BALTIMORE, MD – Wednesday’s game between the Baltimore Orioles and Chicago White Sox will be closed to the public, the Orioles announced Tuesday.
The closed-door contest follows the postponements of Monday’s and Tuesday’s games against the White Sox until a doubleheader scheduled for May 28 following unrest in Baltimore.
A source within Major League Baseball told CNN the league is not aware of any prior closed-door games in major league history.
The game at Oriole Park at Camden Yards is scheduled to begin at 2:05 p.m. ET.
“After conferring with local officials, it was determined that Wednesday afternoon’s game should be played without fan admittance in order to minimize safety concerns,” Major League Baseball said.
The office of new Commissioner Rob Manfred said the league and Orioles will keep an eye on the situation in Baltimore.
“Our thoughts are with all those who have been affected by violence in Baltimore, and everyone in our game hopes for peace and the safety of a great American city,” Manfred said.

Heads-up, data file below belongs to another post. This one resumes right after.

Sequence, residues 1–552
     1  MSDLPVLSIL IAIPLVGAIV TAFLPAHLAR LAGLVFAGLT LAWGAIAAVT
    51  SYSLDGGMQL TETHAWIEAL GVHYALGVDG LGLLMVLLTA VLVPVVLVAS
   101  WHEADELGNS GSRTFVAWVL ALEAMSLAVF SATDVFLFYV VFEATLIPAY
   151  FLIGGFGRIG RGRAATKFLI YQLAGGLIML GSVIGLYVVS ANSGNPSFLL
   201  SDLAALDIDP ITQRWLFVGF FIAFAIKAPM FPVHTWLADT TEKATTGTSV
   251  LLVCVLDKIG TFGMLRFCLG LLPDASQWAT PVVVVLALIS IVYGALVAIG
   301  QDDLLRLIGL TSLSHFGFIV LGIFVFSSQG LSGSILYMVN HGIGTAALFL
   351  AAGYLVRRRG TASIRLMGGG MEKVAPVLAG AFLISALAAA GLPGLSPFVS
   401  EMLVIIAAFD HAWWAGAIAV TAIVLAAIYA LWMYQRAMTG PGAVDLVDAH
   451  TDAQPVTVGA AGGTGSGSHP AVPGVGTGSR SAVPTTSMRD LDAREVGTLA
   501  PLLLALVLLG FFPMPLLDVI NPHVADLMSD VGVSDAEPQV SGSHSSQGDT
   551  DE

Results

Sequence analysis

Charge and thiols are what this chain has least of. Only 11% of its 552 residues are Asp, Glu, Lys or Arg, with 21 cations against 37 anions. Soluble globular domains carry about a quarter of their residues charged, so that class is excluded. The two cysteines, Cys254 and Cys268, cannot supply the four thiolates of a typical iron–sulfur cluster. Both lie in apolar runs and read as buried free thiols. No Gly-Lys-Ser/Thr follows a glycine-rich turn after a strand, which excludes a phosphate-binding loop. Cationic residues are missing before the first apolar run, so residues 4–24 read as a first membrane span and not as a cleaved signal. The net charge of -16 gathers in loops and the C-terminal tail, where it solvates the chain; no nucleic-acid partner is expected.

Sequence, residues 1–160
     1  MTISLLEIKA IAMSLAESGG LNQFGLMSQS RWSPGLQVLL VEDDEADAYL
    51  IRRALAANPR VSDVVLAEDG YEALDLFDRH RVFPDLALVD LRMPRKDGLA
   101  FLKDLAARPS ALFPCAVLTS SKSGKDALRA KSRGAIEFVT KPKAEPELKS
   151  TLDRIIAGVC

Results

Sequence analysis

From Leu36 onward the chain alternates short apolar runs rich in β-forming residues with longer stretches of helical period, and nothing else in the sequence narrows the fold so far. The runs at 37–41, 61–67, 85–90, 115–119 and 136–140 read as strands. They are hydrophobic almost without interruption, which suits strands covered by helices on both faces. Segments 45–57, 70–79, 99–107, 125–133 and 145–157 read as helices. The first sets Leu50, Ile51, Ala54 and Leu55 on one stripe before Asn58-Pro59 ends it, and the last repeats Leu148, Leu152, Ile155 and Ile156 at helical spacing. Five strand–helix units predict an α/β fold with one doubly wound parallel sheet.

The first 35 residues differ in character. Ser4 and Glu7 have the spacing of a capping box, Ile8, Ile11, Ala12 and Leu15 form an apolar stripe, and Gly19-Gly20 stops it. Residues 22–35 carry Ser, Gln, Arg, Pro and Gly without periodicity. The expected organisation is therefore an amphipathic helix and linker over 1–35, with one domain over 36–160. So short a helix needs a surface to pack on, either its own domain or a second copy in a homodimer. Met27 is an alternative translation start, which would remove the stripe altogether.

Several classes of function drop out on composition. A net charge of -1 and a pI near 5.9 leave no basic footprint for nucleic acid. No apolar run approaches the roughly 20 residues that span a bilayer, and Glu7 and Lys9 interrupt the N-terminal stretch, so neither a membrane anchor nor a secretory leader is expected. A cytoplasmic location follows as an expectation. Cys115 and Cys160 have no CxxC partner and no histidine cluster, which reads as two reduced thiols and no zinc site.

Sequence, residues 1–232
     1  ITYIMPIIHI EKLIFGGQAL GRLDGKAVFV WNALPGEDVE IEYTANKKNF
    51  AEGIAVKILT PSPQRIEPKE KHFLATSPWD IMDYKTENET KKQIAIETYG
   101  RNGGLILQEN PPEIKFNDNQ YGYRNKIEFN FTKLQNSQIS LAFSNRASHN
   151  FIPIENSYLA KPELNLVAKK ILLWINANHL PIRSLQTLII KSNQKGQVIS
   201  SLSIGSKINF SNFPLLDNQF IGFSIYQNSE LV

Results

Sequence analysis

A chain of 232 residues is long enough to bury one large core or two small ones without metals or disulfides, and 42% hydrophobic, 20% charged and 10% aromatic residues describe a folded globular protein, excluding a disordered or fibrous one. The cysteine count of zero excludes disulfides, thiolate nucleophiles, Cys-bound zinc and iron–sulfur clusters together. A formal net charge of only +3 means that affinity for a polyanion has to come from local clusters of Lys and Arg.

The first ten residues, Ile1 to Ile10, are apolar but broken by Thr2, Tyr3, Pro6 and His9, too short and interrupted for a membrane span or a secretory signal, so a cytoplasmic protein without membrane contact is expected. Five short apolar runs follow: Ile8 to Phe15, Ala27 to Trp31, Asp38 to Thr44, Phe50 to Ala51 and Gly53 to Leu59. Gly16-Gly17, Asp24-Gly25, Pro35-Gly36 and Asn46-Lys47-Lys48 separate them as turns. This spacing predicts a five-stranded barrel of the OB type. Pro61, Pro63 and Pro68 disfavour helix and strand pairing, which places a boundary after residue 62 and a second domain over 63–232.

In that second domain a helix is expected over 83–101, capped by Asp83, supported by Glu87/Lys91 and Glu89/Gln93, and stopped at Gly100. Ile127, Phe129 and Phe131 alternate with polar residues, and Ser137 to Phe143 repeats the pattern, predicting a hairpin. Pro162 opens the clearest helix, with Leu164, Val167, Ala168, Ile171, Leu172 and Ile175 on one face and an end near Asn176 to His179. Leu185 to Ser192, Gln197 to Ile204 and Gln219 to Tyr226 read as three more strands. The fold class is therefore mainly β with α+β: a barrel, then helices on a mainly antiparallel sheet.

The game changes come as the situation in the city remains tense following Monday’s riots, with more protests and arrests Tuesday.
The Orioles said tickets from Monday’s postponed game can be used for admittance on May 28. Fans with tickets for Tuesday’s game must exchange them for tickets for any remaining home game, including May 28.
The team also announced it would move three games (May 1-3) against the Tampa Bay Rays to Florida. The Orioles will still be the home team, the team said.
Fans with tickets for those games and Wednesday’s contest can swap their tickets for future games, based on the dollar amount of the ticket.
Exchanges must be completed by June 30, the team said.
The Orioles have averaged more than 33,000 fans in their first nine games at Camden Yards this season, about 73% of capacity.
According to MLB.com, games have been postponed in the past because of security concerns. In 1992, four Los Angeles Dodgers games were pushed back because of riots after the acquittals of police officers in the Rodney King case.
In 1967, riots in Detroit prompted baseball officials to move games between the Tigers and the Orioles to Baltimore. Opening Day of 1968 was postponed for two days after the killing of the Rev. Martin Luther King Jr.
After the September 11, 2001, terrorist attacks, all professional baseball was called off for one week.